The removal of petrol subsidy is one area that has exposed our government’s characteristic indecision and prevarication.
Government’s claim to subsidy value of over N600bn per annum is considered outrageous and unsustainable as these expenses subhead alone usually exceed the consolidated capital votes for health, education and transport each year. Meanwhile, Nigerians continue to bemoan the huge infrastructural deficits in these critical areas of social welfare, but still rigidly insist on the maintenance of this oppressive expenditure pattern. Indeed, the Peoples Democratic Party led-government has continued to threaten Nigerians with petroleum subsidy withdrawal for over six years, with renewed calls and affirmation by government officials every month or so. The bombshell was finally thrown on New Year Day when the government announced the removal of the subsidy on petrol.
Nonetheless, subsidy has increased from just over N100bn in year 2000 to its current value of over N600bn, while government continues to make feeble noise on the end of subsidy. The truth, of course, is well recognised by government that removal of subsidy will bring untold hardship to all Nigerians (especially those who do not have easy access to government treasury). But there is the possibility that subsidy could exceed over 70 per cent of our capital budget, if oil prices rise fortuitously to above $100/barrel in the next 12 months. If this happens, any hope that we will make any serious impact on our infrastructural deficit may well be a pipe dream together with the porous Vision 2020 strategy.
I have maintained without equivocation in the last six years that it will be impossible for government to cancel subsidy (i.e. dismantle the Nigerian National Petroleum Corporation’s current petrol import monopoly) without first dismantling the monopoly of our Central Bank in the foreign exchange market, where the CBN controls over 80 per cent of all dollars traded in the market while it maintains its constitutional monopoly of all naira issuance concurrently. Needless to say that government’s dilemma on fuel pricing firmly corroborates our observation.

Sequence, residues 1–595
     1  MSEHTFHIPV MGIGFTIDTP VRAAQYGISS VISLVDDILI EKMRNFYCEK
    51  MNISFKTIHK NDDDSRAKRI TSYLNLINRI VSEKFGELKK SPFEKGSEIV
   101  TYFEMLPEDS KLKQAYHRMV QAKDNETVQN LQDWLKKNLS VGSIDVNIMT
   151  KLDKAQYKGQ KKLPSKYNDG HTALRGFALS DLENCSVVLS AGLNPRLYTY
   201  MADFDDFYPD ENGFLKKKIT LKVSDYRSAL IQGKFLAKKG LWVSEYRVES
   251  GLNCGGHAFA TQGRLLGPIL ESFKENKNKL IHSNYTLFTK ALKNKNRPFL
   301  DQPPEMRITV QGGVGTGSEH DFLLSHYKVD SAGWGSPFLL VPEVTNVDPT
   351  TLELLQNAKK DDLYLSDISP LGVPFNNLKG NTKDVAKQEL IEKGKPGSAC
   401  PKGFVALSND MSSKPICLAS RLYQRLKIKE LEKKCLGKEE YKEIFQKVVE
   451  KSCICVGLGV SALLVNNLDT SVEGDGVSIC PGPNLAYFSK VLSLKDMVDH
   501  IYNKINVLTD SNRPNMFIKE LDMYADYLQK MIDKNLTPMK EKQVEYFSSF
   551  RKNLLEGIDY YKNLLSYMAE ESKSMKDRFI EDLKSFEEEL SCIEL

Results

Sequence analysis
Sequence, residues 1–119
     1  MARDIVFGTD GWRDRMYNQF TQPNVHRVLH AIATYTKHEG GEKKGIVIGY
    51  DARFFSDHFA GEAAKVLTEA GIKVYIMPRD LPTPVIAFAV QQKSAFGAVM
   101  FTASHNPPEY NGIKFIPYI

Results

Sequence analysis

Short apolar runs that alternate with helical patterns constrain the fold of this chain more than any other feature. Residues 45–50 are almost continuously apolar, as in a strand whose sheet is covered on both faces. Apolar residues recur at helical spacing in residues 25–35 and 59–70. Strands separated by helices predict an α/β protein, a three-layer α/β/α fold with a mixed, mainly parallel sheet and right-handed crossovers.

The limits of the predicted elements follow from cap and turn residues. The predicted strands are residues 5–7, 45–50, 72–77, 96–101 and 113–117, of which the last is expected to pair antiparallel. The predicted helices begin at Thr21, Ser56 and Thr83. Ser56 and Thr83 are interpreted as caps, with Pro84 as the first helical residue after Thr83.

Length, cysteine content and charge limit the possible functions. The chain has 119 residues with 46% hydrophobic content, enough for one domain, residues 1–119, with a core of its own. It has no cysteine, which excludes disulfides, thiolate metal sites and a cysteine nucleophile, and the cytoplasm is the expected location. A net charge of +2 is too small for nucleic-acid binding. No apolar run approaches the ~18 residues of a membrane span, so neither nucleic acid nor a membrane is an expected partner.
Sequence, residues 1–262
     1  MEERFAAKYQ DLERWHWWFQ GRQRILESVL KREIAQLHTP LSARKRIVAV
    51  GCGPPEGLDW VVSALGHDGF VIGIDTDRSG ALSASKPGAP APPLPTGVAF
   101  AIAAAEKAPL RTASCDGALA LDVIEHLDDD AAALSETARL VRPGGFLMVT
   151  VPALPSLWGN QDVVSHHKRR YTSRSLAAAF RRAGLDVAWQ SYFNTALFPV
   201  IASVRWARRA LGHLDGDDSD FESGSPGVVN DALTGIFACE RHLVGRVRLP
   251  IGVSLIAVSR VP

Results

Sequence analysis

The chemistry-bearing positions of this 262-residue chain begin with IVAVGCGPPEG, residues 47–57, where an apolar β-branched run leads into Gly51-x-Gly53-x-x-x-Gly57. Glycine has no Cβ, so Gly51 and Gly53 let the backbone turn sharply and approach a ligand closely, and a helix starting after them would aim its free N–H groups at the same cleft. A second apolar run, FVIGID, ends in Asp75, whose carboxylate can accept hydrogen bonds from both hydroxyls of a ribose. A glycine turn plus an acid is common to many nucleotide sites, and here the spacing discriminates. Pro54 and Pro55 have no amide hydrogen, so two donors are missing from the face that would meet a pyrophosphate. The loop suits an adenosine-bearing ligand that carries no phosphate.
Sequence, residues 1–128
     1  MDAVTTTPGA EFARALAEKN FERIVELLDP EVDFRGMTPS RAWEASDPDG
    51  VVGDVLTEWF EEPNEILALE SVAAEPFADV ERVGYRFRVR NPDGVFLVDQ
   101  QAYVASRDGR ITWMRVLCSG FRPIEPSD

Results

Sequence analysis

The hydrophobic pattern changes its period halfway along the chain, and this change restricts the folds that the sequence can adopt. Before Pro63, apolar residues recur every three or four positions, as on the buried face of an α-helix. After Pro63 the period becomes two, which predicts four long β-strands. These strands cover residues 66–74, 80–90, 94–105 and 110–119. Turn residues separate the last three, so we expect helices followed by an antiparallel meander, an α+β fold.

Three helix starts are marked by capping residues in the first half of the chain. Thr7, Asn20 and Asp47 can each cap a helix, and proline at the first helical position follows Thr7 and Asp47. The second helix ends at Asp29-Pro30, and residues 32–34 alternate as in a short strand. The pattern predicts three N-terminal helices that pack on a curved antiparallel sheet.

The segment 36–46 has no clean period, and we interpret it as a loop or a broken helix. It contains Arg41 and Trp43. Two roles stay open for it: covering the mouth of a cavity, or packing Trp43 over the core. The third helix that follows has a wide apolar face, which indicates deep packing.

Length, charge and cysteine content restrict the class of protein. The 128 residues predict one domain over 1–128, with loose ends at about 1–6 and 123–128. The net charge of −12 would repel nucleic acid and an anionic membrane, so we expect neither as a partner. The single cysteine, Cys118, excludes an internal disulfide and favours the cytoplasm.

However, we have noted how the adoption of the instruments of dollar certificates (strictly not cash) for disbursement of dollar derived revenue to constitutional beneficiaries would immediately lead to steady decline in local fuel prices such that ‘subsidy’ will become unnecessary while government will be repositioned to actually derive substantial revenue from a sales tax which can be levied without any opposition from labour.
In other words, the adoption of dollar certificates will make available over N600bn for capital and social welfare enhancement in addition to a sales tax revenue of up to N10/litre on the estimated 30 million litres of fuel consumed daily. If the situation can be turned around so simply and beneficently, why is the government pussyfooting on this vital issue? The only obvious reason for government’s lack of enthusiasm to embrace this reality is that its adoption would quickly reduce the space for corruption and self-enrichment, particularly in the CBN, the commercial banks, the executive arms of government and in the bureau de change, who now serve as a collaborative conduit with treasury looters to facilitate money laundering.